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First time travelling to Europe, so many questions....

Travel Forums Europe First time travelling to Europe, so many questions....

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1. Posted by Haylee1234 (Budding Member 19 posts) 6y

Hi everyone, im heading to europe in 2010 to do a tour, and its my first time flying so far from home. Any tips to not go crazy on the long flight? And how bad are the thieves over there? I dont want to get robbed! And is Slovakia really as bad as it is in the movie Hostel?! Id like to stay in one piece!

2. Posted by Diamond86 (Budding Member 3 posts) 6y

Hi!
Don't afraid to go for this nice trip. I had a little Eurotrip before a year and nothing awful happened. Of course you should know a little bit about culture in countries which you are planning to visit for avoiding from unsuccessfully situations.
About thieves - in every country they are. You should be careful but don't be too afraid of thieves because people are friendly and if you will think positive, nothing bad will happen.
And Slovakia really not so bad. Don't trust in movies but just go and see all by your own eyes.

3. Posted by lil_lil (Travel Guru 462 posts) 6y

Re the long flight - usually there's inflight entertainment so watch a movie, play some games, listen to the music channels. If you want to have your own song selection, then bring an ipod. Books and puzzle books (like Sudoku) helps, or you can also pore over your guidebook for some last minute scouring of things to do etc. Strike a conversation with the person sitting next to you. From time to time, get up from the seat and walk the aisle to get rid of the stiffness from sitting too long. If you write/draw, bring a notebook and start scribbling/sketching. Otherwise, sleep.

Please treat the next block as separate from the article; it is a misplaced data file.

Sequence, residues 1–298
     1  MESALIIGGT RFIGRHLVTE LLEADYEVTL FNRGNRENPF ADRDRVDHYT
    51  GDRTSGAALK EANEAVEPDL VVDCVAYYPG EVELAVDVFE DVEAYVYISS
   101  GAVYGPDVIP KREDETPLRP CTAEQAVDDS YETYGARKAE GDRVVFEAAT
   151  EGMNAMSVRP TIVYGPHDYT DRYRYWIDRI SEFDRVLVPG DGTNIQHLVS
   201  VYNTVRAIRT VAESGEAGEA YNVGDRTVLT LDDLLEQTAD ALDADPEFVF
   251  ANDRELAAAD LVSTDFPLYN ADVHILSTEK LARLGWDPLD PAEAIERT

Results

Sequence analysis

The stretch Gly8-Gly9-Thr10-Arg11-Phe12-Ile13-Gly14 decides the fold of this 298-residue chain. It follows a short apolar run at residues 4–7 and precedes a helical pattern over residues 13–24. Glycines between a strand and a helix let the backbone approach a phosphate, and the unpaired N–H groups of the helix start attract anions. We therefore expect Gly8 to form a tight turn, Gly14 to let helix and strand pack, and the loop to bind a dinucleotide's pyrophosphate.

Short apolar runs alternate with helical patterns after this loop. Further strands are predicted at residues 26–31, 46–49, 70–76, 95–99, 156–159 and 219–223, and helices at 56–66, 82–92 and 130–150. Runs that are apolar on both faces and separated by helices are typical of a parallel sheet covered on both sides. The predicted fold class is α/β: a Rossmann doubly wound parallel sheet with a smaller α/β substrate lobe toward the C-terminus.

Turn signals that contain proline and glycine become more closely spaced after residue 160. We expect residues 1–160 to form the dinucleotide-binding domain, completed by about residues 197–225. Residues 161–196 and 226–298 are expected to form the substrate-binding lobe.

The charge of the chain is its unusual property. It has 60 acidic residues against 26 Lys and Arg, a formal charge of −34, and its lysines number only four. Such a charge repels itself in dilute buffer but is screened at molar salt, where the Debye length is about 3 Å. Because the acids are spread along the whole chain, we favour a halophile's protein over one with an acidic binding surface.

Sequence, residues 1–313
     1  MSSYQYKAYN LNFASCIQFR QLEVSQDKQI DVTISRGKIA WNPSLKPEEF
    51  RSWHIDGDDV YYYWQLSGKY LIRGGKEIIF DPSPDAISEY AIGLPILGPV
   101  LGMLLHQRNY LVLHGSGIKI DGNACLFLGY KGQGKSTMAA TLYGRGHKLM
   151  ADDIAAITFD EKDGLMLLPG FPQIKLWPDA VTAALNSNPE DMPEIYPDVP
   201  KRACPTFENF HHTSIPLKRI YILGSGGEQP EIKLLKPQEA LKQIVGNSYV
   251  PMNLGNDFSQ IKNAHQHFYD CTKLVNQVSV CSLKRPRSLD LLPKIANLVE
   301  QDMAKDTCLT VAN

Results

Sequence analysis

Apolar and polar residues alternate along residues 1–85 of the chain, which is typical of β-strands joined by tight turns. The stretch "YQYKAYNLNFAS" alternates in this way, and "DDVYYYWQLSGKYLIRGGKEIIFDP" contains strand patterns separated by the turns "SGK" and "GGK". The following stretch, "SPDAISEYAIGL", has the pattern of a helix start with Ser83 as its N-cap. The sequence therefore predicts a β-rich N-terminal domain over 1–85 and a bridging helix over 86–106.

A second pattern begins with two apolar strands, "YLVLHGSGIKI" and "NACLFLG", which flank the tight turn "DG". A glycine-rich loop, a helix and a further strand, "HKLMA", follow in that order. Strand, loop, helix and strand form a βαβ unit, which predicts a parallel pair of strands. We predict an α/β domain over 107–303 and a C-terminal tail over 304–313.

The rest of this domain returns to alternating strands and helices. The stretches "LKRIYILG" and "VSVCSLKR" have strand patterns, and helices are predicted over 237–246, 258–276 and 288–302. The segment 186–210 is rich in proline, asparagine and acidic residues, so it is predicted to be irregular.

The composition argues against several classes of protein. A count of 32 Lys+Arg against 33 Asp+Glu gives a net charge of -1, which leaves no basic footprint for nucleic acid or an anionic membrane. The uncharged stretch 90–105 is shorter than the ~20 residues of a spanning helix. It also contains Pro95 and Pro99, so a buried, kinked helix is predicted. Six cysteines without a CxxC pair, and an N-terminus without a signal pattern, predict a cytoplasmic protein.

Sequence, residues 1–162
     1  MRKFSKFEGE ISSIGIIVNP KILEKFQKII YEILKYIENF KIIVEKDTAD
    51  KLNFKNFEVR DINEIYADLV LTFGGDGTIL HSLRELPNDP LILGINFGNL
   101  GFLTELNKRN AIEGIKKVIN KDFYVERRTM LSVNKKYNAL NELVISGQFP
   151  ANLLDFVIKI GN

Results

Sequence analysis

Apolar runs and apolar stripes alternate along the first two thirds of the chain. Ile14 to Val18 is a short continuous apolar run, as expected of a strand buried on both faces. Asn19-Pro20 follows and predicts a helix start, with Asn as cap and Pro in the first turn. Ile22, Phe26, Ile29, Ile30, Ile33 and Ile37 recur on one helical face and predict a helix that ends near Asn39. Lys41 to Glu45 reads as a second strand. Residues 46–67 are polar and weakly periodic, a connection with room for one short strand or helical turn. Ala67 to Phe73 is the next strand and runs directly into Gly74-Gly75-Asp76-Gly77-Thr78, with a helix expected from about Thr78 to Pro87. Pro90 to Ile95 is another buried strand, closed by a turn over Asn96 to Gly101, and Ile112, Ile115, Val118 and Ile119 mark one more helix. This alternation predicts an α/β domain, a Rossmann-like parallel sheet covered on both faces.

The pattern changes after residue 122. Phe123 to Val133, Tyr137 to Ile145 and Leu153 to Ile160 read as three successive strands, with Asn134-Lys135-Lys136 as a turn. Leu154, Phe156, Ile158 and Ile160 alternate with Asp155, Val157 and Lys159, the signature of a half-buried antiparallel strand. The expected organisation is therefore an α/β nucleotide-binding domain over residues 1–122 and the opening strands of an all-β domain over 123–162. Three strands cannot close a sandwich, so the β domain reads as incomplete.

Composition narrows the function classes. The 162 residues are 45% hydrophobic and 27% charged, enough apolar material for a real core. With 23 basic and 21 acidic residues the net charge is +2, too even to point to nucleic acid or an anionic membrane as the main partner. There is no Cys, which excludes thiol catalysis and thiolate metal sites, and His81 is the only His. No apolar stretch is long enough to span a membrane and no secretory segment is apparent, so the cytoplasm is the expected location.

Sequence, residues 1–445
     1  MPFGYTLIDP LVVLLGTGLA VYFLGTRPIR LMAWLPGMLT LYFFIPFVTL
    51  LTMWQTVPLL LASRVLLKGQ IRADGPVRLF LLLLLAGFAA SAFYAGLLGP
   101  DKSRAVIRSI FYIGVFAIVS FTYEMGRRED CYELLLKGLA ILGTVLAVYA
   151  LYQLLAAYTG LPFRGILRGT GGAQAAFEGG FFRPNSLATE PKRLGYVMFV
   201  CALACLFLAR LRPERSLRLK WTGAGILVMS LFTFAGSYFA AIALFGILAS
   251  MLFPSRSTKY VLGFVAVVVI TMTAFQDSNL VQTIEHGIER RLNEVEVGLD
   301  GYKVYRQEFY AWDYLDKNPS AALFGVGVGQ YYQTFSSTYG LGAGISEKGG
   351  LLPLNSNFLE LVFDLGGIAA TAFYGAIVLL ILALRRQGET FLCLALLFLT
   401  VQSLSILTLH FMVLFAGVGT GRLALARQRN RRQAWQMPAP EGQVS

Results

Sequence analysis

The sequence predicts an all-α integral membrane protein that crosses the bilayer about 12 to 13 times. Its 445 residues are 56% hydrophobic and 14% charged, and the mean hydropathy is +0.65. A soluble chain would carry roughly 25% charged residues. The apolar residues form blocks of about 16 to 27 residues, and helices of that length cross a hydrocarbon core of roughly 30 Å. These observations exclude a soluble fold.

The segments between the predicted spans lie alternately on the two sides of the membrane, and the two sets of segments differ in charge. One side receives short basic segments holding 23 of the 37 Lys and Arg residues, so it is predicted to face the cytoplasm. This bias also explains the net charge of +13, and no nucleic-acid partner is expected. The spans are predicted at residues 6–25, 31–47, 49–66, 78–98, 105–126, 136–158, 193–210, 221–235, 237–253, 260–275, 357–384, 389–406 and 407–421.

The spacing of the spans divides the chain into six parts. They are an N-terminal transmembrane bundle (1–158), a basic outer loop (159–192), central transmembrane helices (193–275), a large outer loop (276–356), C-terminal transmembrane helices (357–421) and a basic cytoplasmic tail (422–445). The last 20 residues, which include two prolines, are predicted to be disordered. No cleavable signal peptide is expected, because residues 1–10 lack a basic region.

I've known of friends who knit and bring knitting stuff onto the plane, but I guess that's depending if the staff will allow you to bring the knitting needles on.

That's pretty much all you can do on a long flight really. And oh, if you have your laptop (I personally wouldn't bring one on a long trip since it's heavy, needs looking after and expensive to replace if lost) you can do whatever your normally do with your laptop until you have no battery left?

Any sort of petty crime like thieving is everywhere, not just Europe. If you normally wouldn't leave your belongings unattended at home, then do the same when you're away. Try to split your money and put some in the purse, some inside a notebook compartment, some inside a bag compartment etc. If you're travelling with daypack, at busy places, carry the bag in front of you so you can see it and to deter quick hands (although to be honest, if someone's seriously targeting you, they'll likely to be able to, but you don't want to make it easy for them either).

As for anything seen in movies, really, it's a work of fiction. Just apply to usual common sense you apply at home, and it'll be fine. Most people are nice but that doesn't mean let your guard down completely. E.g. if you won't normally let strangers buy you a drink in the bar or leave your drink unattended, why would you do that when you're away, right?

4. Posted by zaksame (Respected Member 571 posts) 6y

Hello Hayleee,
I can't help you with the long-haul flight part of your query except to say bring something to pass the time that you can get immersed it, and don't forget to excercise regularly on the flight. A friend of mine, really fit, non-drinker or smoker got DVT on a flight from Europe to Australia and had to spend an extra 3 weeks in the country with little or no money. Forewarned etc etc...

And how bad are the thieves over there? I dont want to get robbed! And is Slovakia really as bad as it is in the movie Hostel?! Id like to stay in one piece!

The thieves in Europe are as bad as the thieves anywhere in the world - meaning, they are bad if you don't follow simple safety precautions or if you are just plain unlucky. But I've been traveling through Europe for many many years now and the only incident I've ever had happen to me so far was to get a room beside some Estonian Mafia types making a porn movie. Other than that, I've been really lucky, or smart, or a combination of both.